I believe this groan comes because we have all been unwittingly convinced by our secular society that the one essential ingredient for human fulltime is being sexually active. Sadly, we don’t even examine the thought. The Christian assumption is that the only essential element for fulfillment in life is a vital and personal relationship with Jesus Christ.

Frankly, this may be the most shocking idea of this sermon for our sexually saturated society culture. But I want to challenge you to do some critical thinking about the lies that have been so cleverly imposed on us by our playboy society.

Can Love Be Truthful and Truth be Loving?

One more pressure comes to the Christian view toward homosexuality as a sin, and it comes from within our faith. We will all ask ourselves, “But isn’t the first calling of the Christian to be loving to others? And how can I be loving when I tell someone that their homosexual behavior is sinful?”

I think this is an expression of the powerful spirit in our society to be tolerant toward one another more than truthful. Alan Bloom’s blockbuster book, The Closing of the American Mind, documents how we have forsaken the quest for truth in order to uphold the social value of being tolerant. We have come to believe that the worst social sin we can commit is intolerance. And in order to be accepting and tolerant we must shelve our moral convictions and dismiss any thought of what is really true. Is there no way we can speak the truth without being told that we are unloving? Is love only wishy-washy?

Actually, I am convinced that authentic love can only be shown through being truthful. Is it loving to someone who is drinking himself to death to pretend drinking is good? If someone likes the taste of rat poison, do we stand by and wish him well? Is it loving to condone anything someone wants even though it may hurt him or others?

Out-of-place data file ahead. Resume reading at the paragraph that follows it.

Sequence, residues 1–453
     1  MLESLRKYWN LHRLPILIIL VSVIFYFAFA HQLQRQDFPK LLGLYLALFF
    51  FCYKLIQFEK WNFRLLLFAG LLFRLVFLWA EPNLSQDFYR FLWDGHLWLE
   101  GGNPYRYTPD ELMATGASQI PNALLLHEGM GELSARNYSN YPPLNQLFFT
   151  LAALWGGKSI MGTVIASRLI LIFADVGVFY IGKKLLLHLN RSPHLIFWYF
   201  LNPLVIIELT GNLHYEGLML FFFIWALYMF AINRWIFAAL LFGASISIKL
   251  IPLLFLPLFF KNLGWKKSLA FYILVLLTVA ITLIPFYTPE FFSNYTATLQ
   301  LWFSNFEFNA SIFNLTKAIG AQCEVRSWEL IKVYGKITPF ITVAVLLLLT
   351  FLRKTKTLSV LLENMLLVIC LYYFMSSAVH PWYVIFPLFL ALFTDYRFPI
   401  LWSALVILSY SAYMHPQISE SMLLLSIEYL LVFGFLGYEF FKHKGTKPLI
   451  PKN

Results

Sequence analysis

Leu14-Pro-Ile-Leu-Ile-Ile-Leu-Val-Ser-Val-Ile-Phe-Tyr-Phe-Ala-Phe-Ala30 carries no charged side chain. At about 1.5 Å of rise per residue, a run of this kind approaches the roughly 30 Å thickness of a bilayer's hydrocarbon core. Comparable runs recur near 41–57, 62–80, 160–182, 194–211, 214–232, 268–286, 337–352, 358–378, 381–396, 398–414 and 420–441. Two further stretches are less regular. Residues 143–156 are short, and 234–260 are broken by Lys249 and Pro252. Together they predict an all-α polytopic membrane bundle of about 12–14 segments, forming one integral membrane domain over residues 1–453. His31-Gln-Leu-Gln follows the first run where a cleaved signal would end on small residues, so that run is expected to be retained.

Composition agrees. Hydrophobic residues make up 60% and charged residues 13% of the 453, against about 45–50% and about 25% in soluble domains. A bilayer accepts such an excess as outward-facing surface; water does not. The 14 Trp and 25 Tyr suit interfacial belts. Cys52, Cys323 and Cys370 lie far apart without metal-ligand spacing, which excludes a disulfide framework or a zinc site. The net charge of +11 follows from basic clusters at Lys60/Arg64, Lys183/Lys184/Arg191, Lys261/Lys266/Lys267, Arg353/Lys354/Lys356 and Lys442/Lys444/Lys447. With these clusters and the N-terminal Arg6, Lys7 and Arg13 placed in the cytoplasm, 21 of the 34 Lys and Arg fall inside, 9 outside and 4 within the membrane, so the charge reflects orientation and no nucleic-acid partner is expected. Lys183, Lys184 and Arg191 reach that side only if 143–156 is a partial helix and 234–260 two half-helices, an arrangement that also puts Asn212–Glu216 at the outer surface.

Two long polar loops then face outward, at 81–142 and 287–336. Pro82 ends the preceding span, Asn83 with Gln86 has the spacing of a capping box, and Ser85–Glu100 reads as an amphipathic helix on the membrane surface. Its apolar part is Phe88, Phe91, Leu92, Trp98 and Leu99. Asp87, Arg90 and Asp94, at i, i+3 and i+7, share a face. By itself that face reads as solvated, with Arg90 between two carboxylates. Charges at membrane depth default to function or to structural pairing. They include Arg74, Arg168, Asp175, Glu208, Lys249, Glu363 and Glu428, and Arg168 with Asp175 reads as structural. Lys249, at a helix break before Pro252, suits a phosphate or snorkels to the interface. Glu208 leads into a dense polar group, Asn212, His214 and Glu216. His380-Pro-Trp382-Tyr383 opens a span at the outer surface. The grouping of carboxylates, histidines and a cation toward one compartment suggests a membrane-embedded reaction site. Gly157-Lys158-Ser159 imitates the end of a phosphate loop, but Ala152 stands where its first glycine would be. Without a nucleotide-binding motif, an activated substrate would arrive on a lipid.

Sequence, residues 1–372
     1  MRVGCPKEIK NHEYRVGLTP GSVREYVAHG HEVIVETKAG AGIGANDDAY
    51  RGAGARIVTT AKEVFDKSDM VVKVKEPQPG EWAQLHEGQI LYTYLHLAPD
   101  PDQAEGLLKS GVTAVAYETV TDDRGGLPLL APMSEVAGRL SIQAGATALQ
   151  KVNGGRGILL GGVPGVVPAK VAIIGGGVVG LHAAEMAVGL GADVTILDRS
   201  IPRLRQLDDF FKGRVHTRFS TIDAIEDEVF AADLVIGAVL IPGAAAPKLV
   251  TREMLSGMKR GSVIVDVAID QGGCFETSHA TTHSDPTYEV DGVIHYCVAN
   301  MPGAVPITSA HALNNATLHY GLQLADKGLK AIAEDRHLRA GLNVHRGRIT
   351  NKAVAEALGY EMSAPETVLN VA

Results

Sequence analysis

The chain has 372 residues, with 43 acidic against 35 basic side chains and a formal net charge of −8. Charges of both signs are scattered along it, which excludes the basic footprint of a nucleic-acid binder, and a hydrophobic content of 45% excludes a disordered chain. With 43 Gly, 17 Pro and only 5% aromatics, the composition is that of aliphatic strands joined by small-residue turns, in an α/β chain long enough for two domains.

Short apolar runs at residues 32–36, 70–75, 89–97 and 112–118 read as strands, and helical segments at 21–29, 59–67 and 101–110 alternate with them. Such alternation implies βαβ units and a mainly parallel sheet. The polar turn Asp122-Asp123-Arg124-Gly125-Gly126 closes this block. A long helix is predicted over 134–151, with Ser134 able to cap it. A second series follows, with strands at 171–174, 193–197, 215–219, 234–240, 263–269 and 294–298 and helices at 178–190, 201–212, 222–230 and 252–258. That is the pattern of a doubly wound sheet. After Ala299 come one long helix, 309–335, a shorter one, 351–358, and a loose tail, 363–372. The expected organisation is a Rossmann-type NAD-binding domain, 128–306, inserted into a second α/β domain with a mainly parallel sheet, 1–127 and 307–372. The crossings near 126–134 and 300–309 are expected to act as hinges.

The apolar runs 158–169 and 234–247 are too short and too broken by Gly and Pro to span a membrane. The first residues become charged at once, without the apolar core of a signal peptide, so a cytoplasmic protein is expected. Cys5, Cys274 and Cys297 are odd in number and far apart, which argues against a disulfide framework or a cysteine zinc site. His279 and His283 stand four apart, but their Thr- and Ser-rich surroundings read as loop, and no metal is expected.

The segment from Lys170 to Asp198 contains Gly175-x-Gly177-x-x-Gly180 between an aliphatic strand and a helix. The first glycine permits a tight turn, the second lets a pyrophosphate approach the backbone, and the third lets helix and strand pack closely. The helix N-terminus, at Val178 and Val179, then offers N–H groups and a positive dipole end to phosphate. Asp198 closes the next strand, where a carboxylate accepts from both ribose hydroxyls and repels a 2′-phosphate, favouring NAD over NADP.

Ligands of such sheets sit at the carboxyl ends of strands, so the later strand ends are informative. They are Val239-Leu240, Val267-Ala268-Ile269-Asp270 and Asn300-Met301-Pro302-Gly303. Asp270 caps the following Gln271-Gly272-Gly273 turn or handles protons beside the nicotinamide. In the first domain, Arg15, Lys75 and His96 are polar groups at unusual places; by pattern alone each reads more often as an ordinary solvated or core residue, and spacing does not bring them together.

I believe God’s love is inseparable from speaking the truth. In scripture, truth is in order to goodness, and goodness is in order to happiness. The truth will always have a note of judgment to it when we are not following the truth. It can look intolerant. But God came into the world to save sinners. There is no greater love than this that Christ laid down his life for us even while we were his enemies. Jesus was love incarnate, but he never avoided the truth. Remember his words to the woman caught in adultery, “Go and sin no more.”

So, Is there No Good Word for Homosexuals?

Must we end in only hard words? No! Our text for today comes to a glorious conclusion. After naming all these ten sins, Paul reminds his readers that they “were” guilty of these sins. BUT — they “have been washed (cleansed), justified (forgiven) and sanctified (transformed) in the name of the Lord Jesus Christ and by the Spirit of God.” No sin is beyond grace, mercy and power that comes to us in Jesus Christ. He is the hope — for all of us!


One Response to “A Sermon on Homosexuality”

  1. That was an amazing an succinct message proclaiming God’s Word in reference to sin and homosexuality. My wife remembers in her Lutheran grade school the question of whether or not homosexuals could go to heaven. She was shocked at some of the answers. Of course some said a plain no, and then others said a plain yes. Her answer followed more of your sermon. Yes and no. Obviously only those that have faith in Christ and confess Him before others inheirit the Kingdom. But, as you said Christ told the adulterous woman to “go and sin no more”. We are all struggling to not sin. But wouldn’t our status of being in or out of the Lamb’s book of life be in question if we just went and sinned blatantly with no remorse or desire to stop and seek forgiveness? Those that are actively living (and proudly) the homosexual lifestyle are highly in question even if they do claim Christ. We are to bear fruit as followers of Christ. And we are to exhibit the Fruits of the Spirit since we receive the Spirit at conversion. Blatantly living a life of sin (homosexuality, murder, lieing, stealing, adultery, fornication, etc.) spits in the face of “they will know us by our love”. Thanks for the sermon. Keep serving the King no matter what trials come.

    Philip A. Kledzik
    “An Issue of the Heart”